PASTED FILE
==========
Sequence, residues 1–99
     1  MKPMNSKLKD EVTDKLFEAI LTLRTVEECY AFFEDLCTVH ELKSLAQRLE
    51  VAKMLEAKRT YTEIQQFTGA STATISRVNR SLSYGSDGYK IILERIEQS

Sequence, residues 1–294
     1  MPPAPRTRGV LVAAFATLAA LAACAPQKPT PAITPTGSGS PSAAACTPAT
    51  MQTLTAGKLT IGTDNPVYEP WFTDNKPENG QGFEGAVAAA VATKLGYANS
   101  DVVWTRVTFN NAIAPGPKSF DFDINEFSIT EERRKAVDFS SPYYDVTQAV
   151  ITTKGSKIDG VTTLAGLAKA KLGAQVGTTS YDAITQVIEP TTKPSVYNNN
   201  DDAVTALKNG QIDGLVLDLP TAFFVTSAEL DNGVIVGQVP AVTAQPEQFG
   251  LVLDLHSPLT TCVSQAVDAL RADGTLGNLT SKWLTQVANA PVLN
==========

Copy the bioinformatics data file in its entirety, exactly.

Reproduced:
Sequence, residues 1–99
     1  MKPMNSKLKD EVTDKLFEAI LTLRTVEECY AFFEDLCTVH ELKSLAQRLE
    51  VAKMLEAKRT YTEIQQFTGA STATISRVNR SLSYGSDGYK IILERIEQS

Sequence, residues 1–294
     1  MPPAPRTRGV LVAAFATLAA LAACAPQKPT PAITPTGSGS PSAAACTPAT
    51  MQTLTAGKLT IGTDNPVYEP WFTDNKPENG QGFEGAVAAA VATKLGYANS
   101  DVVWTRVTFN NAIAPGPKSF DFDINEFSIT EERRKAVDFS SPYYDVTQAV
   151  ITTKGSKIDG VTTLAGLAKA KLGAQVGTTS YDAITQVIEP TTKPSVYNNN
   201  DDAVTALKNG QIDGLVLDLP TAFFVTSAEL DNGVIVGQVP AVTAQPEQFG
   251  LVLDLHSPLT TCVSQAVDAL RADGTLGNLT SKWLTQVANA PVLN